I am not quite clear whether we shall hear again from the Hudson's Bay Company in London on this subject. Adverting to 12291/58 we might propose the enquiry. At any rate a reference of all the correspce to the Land Board will be necessary.
ABd 26 July
Land Bd in the first instance?
HM Jy 27
CF 29
N 30
Documents enclosed with the main document (not transcribed)
Manuscript image
A. Dallas, J. Work, R. Finlayson, and C. Dodd, Hudson's Bay Company, to Douglas, 16 February 1859, discussing land claims of the company in British Columbia.
Manuscript image
Statement of claims for land in British Columbia by the Hudson's Bay Company.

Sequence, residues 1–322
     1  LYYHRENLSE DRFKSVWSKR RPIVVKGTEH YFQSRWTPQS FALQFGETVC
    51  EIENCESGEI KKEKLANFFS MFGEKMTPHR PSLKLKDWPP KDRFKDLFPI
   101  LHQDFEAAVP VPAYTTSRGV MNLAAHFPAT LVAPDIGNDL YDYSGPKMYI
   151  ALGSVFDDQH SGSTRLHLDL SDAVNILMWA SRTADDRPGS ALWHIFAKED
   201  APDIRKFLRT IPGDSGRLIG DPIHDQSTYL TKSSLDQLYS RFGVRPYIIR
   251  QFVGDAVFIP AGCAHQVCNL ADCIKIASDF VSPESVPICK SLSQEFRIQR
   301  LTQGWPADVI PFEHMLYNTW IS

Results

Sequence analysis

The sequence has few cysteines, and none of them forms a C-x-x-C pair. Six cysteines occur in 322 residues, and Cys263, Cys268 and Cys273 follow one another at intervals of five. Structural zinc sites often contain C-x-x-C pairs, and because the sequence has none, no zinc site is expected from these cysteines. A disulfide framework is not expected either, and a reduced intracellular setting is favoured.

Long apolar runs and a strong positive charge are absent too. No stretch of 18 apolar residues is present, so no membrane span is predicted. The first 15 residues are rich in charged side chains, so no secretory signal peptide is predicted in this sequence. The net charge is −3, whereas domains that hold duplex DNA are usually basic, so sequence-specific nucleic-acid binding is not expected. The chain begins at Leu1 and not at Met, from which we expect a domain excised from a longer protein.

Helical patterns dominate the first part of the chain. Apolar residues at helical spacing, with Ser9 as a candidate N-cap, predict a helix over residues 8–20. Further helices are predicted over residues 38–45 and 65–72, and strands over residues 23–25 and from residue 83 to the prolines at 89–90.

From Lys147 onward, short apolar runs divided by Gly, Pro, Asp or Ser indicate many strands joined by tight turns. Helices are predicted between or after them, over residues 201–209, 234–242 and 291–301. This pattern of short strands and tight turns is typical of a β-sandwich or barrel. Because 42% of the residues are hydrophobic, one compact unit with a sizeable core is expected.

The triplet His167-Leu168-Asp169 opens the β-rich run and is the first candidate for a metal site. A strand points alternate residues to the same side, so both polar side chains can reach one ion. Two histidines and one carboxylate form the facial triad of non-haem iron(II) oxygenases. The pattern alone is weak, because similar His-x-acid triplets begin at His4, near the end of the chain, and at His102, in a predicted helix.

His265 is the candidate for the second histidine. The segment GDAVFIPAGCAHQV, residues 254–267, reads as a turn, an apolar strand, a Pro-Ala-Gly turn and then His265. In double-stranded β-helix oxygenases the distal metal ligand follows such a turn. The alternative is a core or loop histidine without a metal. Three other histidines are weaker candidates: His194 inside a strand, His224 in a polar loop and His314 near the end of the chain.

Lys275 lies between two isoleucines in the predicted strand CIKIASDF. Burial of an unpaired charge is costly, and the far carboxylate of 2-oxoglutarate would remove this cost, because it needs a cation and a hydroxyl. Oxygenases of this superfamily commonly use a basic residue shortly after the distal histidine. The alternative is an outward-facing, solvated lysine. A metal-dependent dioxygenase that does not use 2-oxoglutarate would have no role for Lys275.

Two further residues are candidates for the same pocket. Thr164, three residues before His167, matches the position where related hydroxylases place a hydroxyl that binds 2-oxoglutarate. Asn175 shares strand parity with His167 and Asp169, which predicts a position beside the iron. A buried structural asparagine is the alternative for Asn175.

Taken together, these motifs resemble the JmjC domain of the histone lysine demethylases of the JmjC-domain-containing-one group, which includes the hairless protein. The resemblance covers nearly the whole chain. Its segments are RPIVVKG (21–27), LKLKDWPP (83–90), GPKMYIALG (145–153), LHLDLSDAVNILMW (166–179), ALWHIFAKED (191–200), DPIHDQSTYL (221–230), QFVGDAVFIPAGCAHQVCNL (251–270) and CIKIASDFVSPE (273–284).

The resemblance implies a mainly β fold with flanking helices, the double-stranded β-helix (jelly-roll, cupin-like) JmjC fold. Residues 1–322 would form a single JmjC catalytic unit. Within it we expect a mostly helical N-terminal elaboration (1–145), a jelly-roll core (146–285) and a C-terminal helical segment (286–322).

Manuscript image
Tabular Statement of Land in British Columbia held by the Hudson's Bay Company.
Manuscript image
Moody to Douglas, [blank] April 1859, on the claims of the Hudson's Bay Company.
Other documents included in the file
Manuscript image
Draft, Colonial Office to Emigration Commissioners, 15 August 1859, forwarding copies of correspondence relative to land claims made by the Hudson's Bay Company in British Columbia for report.
Douglas, James to Lytton, Edward George Earle Bulwer 31 May 1859, CO 60:4, no. 7332, 411. The Colonial Despatches of Vancouver Island and British Columbia 1846-1871, Edition 2.2, ed. James Hendrickson and the Colonial Despatches project. Victoria, B.C.: University of Victoria. https://bcgenesis.uvic.ca/B59161.html.